High Commissioner Dominic Soren and Head of State Edward Fritsch held a joint conference on Wednesday, August 11th. The islands of Tahiti and Moorea will be restricted on Sunday, and a curfew will be imposed from 9pm until 4am from midnight.
“The hour is dangerous.” With this meaning-filled phrase, the High Commissioner of the Republic, Dominique Sorin, began his speech. In fact, this Wednesday, August 11th, at 5 p.m., the state and state authorities held a joint speech in the gardens of the High Commission in Papeete.
After recalling the alarming numbers that show the insane development of the epidemic in Polynesia: the infection rate is greater than 1500, or the presence of the virus in the archipelago, Dominic Sorain announced the most stringent measures that will be applied starting from this evening, Wednesday. August 11 at midnight. The goal is to ease hospital services to avoid saturation.
So it was decided as of midnight on Wednesday, August 11:
- Banning sporting events and cultural meetings : However, sports will remain licensed in schools. Indoor exercise should also be organized. Details will be sent soon on this subject.
- As announced two days ago, the curfew will come into effect this evening at midnight throughout the territory of Polynesia from 9 pm to 4 am. : All archipelagos are involved. All outings will be prohibited, unless there is a professional medical reason. Certificates are available at the High Commission.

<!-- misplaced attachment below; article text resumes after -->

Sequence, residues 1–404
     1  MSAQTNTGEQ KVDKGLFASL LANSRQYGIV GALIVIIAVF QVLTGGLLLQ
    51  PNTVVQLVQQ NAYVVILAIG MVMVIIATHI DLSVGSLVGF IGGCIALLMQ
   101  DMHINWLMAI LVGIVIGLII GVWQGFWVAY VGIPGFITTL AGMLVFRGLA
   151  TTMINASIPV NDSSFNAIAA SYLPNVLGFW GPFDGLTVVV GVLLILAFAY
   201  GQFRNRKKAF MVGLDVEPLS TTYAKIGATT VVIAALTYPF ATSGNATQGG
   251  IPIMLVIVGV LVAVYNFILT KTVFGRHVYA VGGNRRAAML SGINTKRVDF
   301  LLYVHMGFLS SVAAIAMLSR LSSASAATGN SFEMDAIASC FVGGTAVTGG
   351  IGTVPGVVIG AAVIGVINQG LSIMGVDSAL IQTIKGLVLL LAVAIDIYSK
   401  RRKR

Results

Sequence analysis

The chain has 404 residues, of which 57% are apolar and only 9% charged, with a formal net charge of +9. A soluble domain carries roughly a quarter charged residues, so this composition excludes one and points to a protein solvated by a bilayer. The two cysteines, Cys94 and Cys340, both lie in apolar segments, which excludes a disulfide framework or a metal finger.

- Curfews in Tahiti and Moorea will end with confinement on Sunday : However, essential shopping travel will be allowed. Buses between Moorea and Tahiti will always be possible. Beaches will also be banned on Sundays.
- Movement on the islands will be more controlled : A vaccination certificate or negative test will be required for all flights.
- With regard to entry into the territory : “The virus is not spread by tourists, but by the population,” Dominique Sorin declared. Passengers control is maintained. What changes is that self-tests will be distributed to D-0, rather than being administered by health workers.
“Reservations can be extended to other days of the week,” Dominique Sorin added, before determining that an additional 14,000 doses of single-dose and multi-dose vaccines will arrive in Polynesia. 45,000 tests will also be given this week and 12 state-certified nurses specializing in resuscitation will be in Polynesia as of next week.
On the economic front, a meeting with business leaders is scheduled. The High Commissioner finally officially called for vaccination based on this information: More than 90% of patients in intensive care have not been vaccinated. Those who died were not vaccinated.
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